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A typical day for a manager tends to be hectic, fragmented and fast-paced.
Keith Murnighan, a professor at the Kellogg School of Management, claims that most leaders do too much work themselves. And when leaders do too much, they cannot be as effective, thoughtful or as strategic as they might otherwise be. Even worse, their team members are under-utilised and under challenged.
So, what's the solution? Murnighan offers a simple, yet counterintuitive answer:
Leaders are sometimes;
- they often lack empathy,
- they naturally focus on their own actions first, and
- they often think that people understand them.
These four problems are magnified even further because we also tend to have another natural failing: we are not particularly adept at understanding how our own behaviours influence the unfolding process of our interactions.
That is why leadership development is not an event. It is a process of participating in respectful conversations where the leader recognises his or her own feelings and those of others in building safe and trusting relationships.
Leadership positions almost always come with power, which can be a real problem.
Research suggests that it can be particularly problematic for people who have just been promoted to be leaders.
Leaders often fail for a few common reasons:
1. due to unclear or outsized expectations,
2. failure to build partnerships with key stakeholders,
3. failure to learn the company, industry or the job itself fast enough,
4. failure to determine the process for gaining commitments from direct reports and
5. failure to recognise and manage the impact of change on people.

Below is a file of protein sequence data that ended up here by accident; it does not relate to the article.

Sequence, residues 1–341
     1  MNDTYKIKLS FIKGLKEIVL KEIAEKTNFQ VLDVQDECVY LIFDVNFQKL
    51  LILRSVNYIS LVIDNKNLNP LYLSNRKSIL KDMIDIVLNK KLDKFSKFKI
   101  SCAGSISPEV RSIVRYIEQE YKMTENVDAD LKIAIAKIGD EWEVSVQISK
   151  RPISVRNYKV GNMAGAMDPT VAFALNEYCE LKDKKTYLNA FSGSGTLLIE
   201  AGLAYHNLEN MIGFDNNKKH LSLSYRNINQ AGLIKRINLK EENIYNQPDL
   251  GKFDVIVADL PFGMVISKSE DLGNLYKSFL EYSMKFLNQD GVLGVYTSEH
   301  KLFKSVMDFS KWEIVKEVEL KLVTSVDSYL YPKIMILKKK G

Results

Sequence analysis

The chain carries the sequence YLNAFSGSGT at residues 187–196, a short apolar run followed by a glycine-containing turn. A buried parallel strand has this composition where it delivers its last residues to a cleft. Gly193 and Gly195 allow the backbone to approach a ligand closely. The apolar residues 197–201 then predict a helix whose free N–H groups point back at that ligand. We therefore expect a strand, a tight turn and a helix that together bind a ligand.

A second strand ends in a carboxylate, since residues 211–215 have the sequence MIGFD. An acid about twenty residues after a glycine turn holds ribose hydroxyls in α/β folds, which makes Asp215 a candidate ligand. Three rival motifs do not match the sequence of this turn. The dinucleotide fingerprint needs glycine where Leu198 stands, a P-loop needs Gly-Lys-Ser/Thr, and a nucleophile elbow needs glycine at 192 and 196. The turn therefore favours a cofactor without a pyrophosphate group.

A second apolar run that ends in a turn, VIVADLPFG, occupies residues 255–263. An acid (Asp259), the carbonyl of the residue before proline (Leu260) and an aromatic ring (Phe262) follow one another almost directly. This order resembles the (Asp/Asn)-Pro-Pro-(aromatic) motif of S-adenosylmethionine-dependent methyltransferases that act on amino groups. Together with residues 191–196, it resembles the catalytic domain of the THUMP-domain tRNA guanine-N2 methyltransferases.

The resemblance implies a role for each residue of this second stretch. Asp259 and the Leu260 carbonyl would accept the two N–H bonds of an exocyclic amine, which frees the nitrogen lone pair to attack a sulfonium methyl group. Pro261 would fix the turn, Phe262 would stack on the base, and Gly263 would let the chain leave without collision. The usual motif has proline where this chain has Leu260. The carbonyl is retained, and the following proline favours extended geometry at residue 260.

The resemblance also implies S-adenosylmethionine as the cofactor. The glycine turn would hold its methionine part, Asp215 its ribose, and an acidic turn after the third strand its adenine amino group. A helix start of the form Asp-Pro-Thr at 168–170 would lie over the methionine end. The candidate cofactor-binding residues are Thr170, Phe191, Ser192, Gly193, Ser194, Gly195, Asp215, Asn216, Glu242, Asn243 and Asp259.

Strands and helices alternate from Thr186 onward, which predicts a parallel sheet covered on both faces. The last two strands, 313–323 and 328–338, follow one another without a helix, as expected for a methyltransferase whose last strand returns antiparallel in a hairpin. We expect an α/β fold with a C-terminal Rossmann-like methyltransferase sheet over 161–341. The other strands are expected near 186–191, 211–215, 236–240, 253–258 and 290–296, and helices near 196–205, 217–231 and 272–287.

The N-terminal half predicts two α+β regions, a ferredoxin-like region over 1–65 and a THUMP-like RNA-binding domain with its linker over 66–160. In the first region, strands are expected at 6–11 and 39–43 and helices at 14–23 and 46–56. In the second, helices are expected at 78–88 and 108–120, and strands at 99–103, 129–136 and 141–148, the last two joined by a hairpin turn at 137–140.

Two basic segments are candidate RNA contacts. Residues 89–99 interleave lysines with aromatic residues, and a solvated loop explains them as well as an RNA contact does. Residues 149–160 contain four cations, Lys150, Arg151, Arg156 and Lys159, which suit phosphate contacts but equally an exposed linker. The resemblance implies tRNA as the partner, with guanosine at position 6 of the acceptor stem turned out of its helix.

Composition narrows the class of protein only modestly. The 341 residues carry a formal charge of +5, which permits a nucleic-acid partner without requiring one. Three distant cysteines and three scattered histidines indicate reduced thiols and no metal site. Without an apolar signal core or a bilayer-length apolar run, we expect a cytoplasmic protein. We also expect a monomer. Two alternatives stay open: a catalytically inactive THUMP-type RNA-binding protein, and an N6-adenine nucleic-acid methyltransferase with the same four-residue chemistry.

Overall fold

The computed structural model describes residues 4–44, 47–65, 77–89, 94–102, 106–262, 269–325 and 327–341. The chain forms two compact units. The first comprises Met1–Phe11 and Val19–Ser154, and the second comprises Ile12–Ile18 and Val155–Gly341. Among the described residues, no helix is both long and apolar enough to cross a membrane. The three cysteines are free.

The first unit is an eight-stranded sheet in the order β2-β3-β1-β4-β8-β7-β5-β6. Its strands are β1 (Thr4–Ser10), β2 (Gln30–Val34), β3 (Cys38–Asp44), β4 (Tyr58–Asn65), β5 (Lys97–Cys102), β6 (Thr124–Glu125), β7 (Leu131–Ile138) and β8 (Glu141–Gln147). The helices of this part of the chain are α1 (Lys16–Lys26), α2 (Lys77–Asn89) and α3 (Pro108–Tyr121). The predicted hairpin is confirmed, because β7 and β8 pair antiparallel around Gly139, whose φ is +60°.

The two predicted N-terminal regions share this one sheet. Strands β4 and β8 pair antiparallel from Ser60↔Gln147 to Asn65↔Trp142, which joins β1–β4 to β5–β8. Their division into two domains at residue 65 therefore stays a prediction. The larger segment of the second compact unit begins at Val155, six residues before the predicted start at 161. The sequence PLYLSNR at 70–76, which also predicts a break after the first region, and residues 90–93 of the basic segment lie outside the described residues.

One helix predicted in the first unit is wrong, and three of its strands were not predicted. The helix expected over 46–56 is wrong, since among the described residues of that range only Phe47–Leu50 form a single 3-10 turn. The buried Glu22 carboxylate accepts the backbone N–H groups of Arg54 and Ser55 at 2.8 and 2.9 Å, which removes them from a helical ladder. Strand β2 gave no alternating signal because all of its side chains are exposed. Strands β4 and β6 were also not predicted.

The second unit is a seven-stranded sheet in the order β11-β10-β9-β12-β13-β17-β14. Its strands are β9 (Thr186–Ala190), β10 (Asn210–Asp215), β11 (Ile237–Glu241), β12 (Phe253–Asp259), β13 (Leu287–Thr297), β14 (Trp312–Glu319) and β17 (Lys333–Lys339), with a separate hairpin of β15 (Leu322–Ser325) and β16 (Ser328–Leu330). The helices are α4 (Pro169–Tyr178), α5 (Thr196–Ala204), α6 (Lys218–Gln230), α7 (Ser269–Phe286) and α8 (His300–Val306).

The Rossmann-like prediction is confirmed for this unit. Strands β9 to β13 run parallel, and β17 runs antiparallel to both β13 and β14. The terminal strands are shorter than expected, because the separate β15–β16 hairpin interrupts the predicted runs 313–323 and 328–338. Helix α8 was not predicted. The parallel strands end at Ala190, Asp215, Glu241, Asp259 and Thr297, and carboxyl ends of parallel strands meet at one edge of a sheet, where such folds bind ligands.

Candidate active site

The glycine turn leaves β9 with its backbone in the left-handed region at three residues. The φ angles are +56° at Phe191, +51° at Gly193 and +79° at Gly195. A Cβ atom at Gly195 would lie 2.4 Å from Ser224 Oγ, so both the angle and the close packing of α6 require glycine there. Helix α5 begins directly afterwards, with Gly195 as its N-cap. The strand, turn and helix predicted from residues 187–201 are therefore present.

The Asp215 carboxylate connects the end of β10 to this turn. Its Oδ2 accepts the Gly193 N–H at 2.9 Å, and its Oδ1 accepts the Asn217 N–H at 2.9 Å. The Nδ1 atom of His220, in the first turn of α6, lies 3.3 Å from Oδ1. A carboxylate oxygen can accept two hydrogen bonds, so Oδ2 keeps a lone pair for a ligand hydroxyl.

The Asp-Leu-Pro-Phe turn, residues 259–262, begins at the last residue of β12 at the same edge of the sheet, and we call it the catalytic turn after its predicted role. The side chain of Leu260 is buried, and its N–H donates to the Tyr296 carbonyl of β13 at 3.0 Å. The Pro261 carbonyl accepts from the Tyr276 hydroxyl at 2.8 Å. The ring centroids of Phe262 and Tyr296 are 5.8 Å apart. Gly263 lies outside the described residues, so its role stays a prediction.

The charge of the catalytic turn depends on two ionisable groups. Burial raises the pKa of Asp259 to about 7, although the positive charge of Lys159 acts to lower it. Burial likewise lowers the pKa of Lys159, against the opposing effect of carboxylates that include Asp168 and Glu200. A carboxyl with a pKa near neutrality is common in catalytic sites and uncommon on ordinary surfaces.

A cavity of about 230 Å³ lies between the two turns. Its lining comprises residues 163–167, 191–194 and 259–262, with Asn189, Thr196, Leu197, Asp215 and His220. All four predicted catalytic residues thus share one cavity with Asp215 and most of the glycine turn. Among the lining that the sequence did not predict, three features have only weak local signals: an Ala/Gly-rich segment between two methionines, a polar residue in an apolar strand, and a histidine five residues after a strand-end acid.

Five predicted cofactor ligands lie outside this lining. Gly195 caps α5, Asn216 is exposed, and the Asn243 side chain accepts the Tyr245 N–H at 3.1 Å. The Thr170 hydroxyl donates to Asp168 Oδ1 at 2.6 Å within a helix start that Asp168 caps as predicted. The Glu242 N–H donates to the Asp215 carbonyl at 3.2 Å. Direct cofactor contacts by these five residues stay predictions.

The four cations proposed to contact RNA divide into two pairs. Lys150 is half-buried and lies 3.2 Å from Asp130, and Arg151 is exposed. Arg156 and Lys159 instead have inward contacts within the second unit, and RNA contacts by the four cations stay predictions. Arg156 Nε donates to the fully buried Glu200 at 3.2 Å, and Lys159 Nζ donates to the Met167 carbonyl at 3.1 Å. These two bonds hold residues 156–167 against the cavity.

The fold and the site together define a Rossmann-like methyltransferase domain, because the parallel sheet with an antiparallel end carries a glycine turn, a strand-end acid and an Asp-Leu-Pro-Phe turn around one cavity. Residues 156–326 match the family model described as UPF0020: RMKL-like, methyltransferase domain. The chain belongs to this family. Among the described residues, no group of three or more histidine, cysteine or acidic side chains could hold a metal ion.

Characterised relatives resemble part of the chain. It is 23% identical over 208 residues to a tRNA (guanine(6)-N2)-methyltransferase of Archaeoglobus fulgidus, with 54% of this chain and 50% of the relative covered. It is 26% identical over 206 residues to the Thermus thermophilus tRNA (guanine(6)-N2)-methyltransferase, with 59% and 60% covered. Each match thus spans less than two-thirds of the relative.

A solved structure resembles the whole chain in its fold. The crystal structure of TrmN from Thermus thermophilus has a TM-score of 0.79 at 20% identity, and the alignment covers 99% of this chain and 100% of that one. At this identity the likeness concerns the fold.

Rather than spending so much of our time and effort on what we will do as leaders, we need to focus our attention, first and foremost, on the reactions that we want, and only then think about what actions we will engage in to elicit them.
The first major, unnatural solution for leaders is to shift their focus, to start thinking less about their own desires and perspectives and more about their team members' desires and perspectives. As mature adults, most leaders know themselves pretty well. But how well do they know their team members? Great leaders take their focus off themselves and target their team members.
The Leadership Law: Think of the reaction that you want first, then determine the actions you can take to maximise the chances that those reactions will actually happen.
Active listening is an old leadership communication technique that gets too little play these days, and not for any good reason. Active listening encourages listeners to pay attention so they can repeat, in their own words, what the speaker has just said.
Don't just listen, listen actively. "Let ‘em try to tell you what I just heard. I want to make sure I got it right." This is a simple script that you can use to respond to important messages that come your way during your everyday work; it is also something that you can ask of your team members. Obviously you don't want to overdo it: it's best to save active listening for important exchanges of information.
Follow the Leadership Law
Avoid thinking of your own actions first; instead think of the reactions you would like to see from your team members. Only after you have identified your hoped-for outcomes should you start thinking about how you can mold your own actions to achieve them.
Source: Keith Murnighan, “Do Nothing: How to Stop Overmanaging and Become a Great Leader